No Child Should Appear in Immigration Court Alone

Erica Bryant Associate Director of Writing // Alyssa Snider Former Research Associate, Unaccompanied Children Program // Becca DiBennardo Senior Research Associate
Jan 28, 2022

While the U.S. government may provide pillows and booster seats for children who are too small for the chairs in immigration court, it doesn’t have to give them an attorney to protect their rights. As a result, far too many children face deportation proceedings alone. They shouldn’t have to.

Why aren’t children who are facing deportation entitled to an attorney?

The Sixth Amendment guarantees lawyers for the accused in all criminal prosecutions, but those protections do not apply to people facing deportation, which is considered a civil proceeding. Although immigrant children facing deportation have the right to hire an attorney, they are not provided with one if they or their families can’t afford to hire one. As a result, children can end up in complex, adversarial legal proceedings with no one to protect their rights.

Why is it critical for children facing deportation to have an attorney?

Without an attorney, children in deportation proceedings might not know their rights or the legal pathways for them to remain in the country. And the United States offers a number of legal protections for children who may face dangers to their life, liberty, and well-being in their home countries. Special Immigrant Juvenile Status (SIJS), for example, is a legal protection for children who have been abused, abandoned, or neglected. The U.S. government can also grant asylum to those fleeing persecution in their home countries. There are also specific protections for survivors of crime or human trafficking. Accessing these protections is not easy. A person must determine which legal options they can pursue, recognizing that eligibility changes over time and varies by jurisdiction and age. They must adhere to strict filing rules, interact with multiple government agencies, and present evidence and legal arguments against trained government lawyers in an adversarial setting. This is extremely difficult for adults, especially those who may have trauma histories or are unfamiliar with the English language, and all but impossible for children.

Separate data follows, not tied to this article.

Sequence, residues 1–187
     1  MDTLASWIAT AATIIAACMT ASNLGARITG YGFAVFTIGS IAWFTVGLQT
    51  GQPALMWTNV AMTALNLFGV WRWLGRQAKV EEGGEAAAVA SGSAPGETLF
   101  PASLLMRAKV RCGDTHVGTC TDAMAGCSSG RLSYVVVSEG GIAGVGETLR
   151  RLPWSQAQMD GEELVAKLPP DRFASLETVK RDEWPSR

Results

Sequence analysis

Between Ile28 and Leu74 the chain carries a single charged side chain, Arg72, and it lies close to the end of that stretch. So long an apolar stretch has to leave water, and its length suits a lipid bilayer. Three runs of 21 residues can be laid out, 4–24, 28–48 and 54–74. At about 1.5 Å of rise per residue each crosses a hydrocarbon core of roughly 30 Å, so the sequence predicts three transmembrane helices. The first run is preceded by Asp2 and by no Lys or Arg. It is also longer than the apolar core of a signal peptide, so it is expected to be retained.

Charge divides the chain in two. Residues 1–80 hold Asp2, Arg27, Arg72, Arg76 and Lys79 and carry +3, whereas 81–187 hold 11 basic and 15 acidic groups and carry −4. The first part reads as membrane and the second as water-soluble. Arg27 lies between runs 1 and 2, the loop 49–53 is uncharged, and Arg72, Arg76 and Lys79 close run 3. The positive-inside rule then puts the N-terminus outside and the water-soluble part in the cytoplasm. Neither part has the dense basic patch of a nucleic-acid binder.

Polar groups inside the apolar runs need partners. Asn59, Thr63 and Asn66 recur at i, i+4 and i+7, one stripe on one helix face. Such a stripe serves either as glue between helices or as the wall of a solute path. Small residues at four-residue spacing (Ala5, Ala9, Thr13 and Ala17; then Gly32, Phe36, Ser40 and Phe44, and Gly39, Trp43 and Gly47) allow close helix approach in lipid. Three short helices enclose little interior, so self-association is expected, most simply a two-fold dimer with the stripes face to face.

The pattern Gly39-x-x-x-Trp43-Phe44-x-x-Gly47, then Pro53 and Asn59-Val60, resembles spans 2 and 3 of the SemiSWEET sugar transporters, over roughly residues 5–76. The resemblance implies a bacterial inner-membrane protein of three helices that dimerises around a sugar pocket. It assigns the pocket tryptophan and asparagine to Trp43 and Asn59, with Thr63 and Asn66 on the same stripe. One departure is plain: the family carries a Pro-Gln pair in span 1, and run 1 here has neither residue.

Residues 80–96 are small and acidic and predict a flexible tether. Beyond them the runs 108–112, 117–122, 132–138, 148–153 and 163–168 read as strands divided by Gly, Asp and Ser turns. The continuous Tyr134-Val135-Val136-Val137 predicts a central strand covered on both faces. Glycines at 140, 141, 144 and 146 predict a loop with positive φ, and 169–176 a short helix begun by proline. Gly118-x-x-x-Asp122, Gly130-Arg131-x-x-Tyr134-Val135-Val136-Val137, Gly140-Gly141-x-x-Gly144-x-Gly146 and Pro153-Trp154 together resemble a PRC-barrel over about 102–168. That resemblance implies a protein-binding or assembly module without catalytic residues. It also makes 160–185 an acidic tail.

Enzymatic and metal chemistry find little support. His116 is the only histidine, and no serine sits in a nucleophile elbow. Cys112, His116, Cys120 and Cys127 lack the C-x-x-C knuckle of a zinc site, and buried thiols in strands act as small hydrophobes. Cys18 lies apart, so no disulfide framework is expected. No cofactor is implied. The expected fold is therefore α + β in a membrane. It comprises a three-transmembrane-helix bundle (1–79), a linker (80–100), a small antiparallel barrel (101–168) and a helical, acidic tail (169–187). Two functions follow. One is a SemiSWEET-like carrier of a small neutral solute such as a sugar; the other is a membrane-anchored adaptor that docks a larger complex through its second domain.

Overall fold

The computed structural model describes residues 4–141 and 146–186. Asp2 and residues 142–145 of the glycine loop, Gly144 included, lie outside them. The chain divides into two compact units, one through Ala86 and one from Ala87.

What happens when children face immigration proceedings without an attorney?

It is so difficult to prove an immigration case without a lawyer that, regardless of the strength of their immigration claims, from 2005 to 2017, more than 90 percent of unrepresented unaccompanied children were issued an order of removal or voluntary departure. Unaccompanied children who had the benefit of legal representation at some point during their cases were more than seven times more likely to receive an outcome that allowed them to remain in the United States than those who did not have attorneys. For many children, deportation means returning to very unsafe conditions.

How many children face deportation proceedings without the protection of an attorney?

According to Executive Office of Immigration Review (EOIR) data from 2005 to 2017, nearly one-third of unaccompanied children did not have an attorney to help them during their proceedings. It is difficult to provide more recent information about the numbers of children in immigration court because the United States provides such poor data on child immigration cases. The Transactional Records Access Clearinghouse (TRAC), an independent organization that uses the Freedom of Information Act (FOIA) to collect and publicize government data, recently determined that post-2017 data from the Executive Office of Immigration Review is inconsistent, unreliable, and too faulty to be trusted when it comes to child immigration cases.

What is the solution to this problem?

Given the high stakes and complexity of immigration proceedings, children, like all immigrants facing deportation, need a public defender system that ensures that no one appears in immigration court alone. Children who can’t find or afford an immigration attorney should be provided a court-appointed attorney, similar to public defenders who assist people who cannot afford legal defense in criminal courts. In addition to understanding the nuances of immigration law, those attorneys should have a trauma-informed practice and access to integrated social services. Such a system would truly protect the rights of children who are facing the complexity of the immigration system and the prospect of deportation.